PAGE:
This consideration, however, cannot be said to apply to the issues raised by the present application, since it is not clear how the quashing of the judgment, which entitled the applicant to certain pecuniary benefits, may have any bearing on the fact that the applicant was not able to benefit from the judgment debt over the preceding two years.
Besides, after the Government submitted their observations, the applicant’s case was re-examined and a new final judgment was given to conclude the proceedings. It does not appear, however, that the new judgment has been executed.
In these circumstances, the Court holds that the Government’s objection that the application is premature must be dismissed.
The Court considers, in the light of the parties’ submissions, that the complaint raises serious issues of fact and law under the Convention, the determination of which should depend on an examination of the merits. The Court concludes therefore that this complaint is not manifestly ill-founded within the meaning of Article 35 § 3 of the Convention. No other ground for declaring it inadmissible has been established.
2. Under Article 6 of the Convention the applicant also complains about the unfair character of the proceedings before the Presidium of the Regional Court and the lack of equality of arms in those proceedings.
For the reasons indicated above, the Court does not agree with the Government’s submission that this complaint is premature.
The Court reiterates that alleged violations of Article 6 are to be examined having regard to the proceedings as a whole (see, among other authorities, Kuráková v. the Slovak Republic (dec.), no. 37895/97, 1 February 2001, unreported).
To the extent that the hearing before the Presidium of the Orenburg Regional Court on 16 April 2001 – which concerned the re-opening of the proceedings that ended in the Orenburg Regional Court on 8 December 1998 – can be said to come within the ambit of Article 6 § 1 of the Convention, the Court is not convinced that the alleged omissions were so decisive as to amount in themselves to a breach of Article 6.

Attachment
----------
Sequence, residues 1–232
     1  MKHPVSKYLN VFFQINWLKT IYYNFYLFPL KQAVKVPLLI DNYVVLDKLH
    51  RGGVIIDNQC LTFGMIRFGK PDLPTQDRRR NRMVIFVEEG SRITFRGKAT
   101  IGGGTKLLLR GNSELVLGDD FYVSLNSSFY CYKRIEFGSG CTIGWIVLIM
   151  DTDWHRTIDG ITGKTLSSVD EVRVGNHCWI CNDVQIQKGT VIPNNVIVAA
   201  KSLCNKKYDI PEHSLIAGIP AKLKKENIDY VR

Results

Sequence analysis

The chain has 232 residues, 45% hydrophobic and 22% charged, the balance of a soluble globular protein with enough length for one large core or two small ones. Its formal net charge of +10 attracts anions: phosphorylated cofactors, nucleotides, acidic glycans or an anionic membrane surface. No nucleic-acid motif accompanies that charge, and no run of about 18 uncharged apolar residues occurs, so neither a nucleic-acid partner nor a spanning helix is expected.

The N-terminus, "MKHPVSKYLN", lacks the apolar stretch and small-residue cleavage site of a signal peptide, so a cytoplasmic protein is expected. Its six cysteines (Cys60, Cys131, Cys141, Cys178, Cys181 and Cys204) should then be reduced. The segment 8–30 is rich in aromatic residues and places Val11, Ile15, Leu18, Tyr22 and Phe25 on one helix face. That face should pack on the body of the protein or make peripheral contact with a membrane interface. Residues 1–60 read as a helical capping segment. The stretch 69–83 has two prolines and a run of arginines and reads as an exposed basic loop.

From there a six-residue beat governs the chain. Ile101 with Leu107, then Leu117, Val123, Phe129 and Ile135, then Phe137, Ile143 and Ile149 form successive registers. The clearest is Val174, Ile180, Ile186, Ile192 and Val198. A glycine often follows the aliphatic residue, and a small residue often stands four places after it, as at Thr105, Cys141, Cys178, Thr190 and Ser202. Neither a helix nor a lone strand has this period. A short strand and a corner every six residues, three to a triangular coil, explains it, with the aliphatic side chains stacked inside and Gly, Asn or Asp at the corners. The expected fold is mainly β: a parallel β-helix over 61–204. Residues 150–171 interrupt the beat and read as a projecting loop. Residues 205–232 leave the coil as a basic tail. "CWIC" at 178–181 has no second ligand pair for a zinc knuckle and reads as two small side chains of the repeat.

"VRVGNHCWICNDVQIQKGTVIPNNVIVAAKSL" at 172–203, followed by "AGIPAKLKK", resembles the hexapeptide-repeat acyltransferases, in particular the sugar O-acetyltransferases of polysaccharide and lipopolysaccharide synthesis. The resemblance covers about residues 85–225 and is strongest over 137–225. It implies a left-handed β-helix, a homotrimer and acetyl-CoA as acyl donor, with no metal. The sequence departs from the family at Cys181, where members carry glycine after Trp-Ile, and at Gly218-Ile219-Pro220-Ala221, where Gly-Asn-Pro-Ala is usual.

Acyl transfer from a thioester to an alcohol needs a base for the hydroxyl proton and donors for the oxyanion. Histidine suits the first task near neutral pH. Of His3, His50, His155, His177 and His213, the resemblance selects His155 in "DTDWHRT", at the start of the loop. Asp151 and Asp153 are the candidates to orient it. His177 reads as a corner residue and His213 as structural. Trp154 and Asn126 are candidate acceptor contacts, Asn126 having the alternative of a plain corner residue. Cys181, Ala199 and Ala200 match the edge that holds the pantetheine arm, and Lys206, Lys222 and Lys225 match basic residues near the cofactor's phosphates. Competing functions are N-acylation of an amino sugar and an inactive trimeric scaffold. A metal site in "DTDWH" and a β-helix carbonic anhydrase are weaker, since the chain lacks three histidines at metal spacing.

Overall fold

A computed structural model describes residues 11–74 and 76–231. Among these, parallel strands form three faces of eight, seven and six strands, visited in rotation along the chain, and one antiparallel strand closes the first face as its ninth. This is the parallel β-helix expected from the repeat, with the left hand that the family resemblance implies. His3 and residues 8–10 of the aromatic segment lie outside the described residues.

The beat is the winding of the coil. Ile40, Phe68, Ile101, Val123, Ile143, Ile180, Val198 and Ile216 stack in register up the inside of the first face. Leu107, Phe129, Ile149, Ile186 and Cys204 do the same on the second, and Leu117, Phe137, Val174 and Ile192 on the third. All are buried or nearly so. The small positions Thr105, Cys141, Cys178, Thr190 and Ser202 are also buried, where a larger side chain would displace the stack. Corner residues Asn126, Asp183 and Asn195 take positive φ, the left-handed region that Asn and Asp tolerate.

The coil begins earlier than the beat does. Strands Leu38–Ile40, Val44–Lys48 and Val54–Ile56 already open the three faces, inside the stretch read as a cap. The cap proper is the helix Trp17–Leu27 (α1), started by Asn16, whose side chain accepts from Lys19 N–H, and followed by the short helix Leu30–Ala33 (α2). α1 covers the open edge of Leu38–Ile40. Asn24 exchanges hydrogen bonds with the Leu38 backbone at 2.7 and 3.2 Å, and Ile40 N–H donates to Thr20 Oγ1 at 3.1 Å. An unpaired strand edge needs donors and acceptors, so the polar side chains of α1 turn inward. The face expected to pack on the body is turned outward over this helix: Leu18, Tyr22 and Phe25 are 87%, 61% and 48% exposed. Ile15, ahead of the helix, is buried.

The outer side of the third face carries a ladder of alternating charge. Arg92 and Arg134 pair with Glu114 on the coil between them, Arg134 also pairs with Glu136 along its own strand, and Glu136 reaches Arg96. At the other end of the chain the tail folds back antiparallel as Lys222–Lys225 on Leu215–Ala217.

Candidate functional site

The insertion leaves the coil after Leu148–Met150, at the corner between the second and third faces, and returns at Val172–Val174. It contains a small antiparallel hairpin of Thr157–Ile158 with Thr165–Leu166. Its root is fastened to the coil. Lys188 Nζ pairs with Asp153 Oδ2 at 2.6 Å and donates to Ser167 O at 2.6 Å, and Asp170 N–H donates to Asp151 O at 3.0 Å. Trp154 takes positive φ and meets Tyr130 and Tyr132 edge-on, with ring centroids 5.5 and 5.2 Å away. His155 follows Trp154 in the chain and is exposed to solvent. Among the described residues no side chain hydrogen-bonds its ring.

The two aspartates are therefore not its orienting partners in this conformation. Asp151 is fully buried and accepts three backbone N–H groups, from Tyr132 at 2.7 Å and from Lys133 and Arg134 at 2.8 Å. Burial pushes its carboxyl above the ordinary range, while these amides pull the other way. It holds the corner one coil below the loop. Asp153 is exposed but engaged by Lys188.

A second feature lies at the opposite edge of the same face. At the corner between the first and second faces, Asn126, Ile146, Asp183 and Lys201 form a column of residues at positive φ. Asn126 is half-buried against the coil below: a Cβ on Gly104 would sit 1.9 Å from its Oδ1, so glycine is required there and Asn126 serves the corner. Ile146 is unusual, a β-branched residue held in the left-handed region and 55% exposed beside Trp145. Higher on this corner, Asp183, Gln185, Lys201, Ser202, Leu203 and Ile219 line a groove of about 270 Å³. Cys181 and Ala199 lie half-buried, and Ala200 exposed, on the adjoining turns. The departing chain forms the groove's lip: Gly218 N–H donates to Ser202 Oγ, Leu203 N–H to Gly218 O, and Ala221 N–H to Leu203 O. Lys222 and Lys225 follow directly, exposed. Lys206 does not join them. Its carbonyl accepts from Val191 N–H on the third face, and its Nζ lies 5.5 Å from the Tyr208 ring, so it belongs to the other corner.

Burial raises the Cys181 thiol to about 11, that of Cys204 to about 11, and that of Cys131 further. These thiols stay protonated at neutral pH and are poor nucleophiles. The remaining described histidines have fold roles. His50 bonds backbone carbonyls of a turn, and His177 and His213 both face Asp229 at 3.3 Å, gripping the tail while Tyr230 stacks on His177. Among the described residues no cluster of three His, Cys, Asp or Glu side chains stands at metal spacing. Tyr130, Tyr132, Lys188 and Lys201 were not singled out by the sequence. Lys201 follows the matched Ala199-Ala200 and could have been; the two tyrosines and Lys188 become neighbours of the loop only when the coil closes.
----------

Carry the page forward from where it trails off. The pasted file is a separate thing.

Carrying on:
Furthermore, the applicant’s case has now been re-examined and ended with a judgment similar to the original one. The Court considers that the application is therefore without purpose (see, mutatis mutandis, (see X v. Austria, application no. 5575/72, Commission decision of 8 July 1974, DR 1, p. 45).
It follows that this complaint is manifestly ill-founded and must be rejected in accordance with Article 35 §§ 3 and 4 of the Convention.
3. Under Article 6 § 1 of the Convention the applicant also complains that the courts refused to proceed with his complaint against the President of the Orenburg Regional Court who had ordered the stay of execution.
For the reasons indicated above, the Court does not agree with the Government’s submission that this complaint is premature.
The Court notes, however, that the proceedings the applicant was unsuccessful in bringing – an action against a State official (the President of the Regional Court in the instant case), seeking to declare unlawful the official’s failure to comply with the domestic legislation governing supervisory review proceedings – did not concern the determination of the applicant’s civil rights and obligations, or a criminal charge against him.
It follows that this complaint is incompatible ratione materiae with the provisions of the Convention within the meaning of Article 35 § 3 and must be rejected in accordance with Article 35 § 4.
4. The applicant also complains, by reference to Articles 5 § 5, 6 § 1, 13 and 14 of the Convention, Articles 2 § 1 and 3 of Protocol No. 7 to the Convention about the findings of the national courts and about the State’s failure to provide sufficient redress for his persecution.
For the reasons indicated above, the Court does not agree with the Government’s submission that these complaints are premature.
The Court notes, first, that the persecution complained of by the applicant took place before the Convention came into force in respect of Russia.
As regards the alleged inadequacy of the redress for the persecution, it is not for the Court to act as a court of appeal, or as sometimes is said, as a court of fourth instance from the decisions taken by domestic courts. It is the role of the domestic courts to interpret and apply relevant rules of procedural or substantive law. Furthermore, it is the domestic courts which are best placed for assessing the credibility of witnesses and the relevance of evidence to the issues in the case (see, amongst many authorities, the Vidal v. Belgium judgment of 22 April 1992, Series A no. 235-B, pp. 32-33, § 32; the Edwards v. the United Kingdom judgment of 16 December 1992, Series A no. 247-B, § 34).
The Court finds no indication that the procedures or decisions adopted by domestic courts in this case infringed the fairness requirement at the heart of Article 6 § 1 of the Convention.
Nor is there indication of any Convention issues under Articles 13 and 14 of the Convention, Articles 2 § 1 and 3 of Protocol No. 7 to the Convention.
Having regard to all the material in its possession, including its case-law in this connection and the contents of the case-file, the Court finds that these matters do not disclose any appearance of a violation of the rights and freedoms set out in the Convention or its Protocols. It follows that this part of the application must be rejected as being manifestly ill-founded, pursuant to Article 35 §§ 3 and 4 of the Convention.
For these reasons, the Court by a majority
Declares admissible, without prejudging the merits, the applicant’s complaint about the failure to obtain execution of the judgment;
Declares inadmissible the remainder of the application.
Vincent Berger Georg Ress
TIMOFEYEV v. RUSSIA DECISION
TIMOFEYEV v. RUSSIA DECISION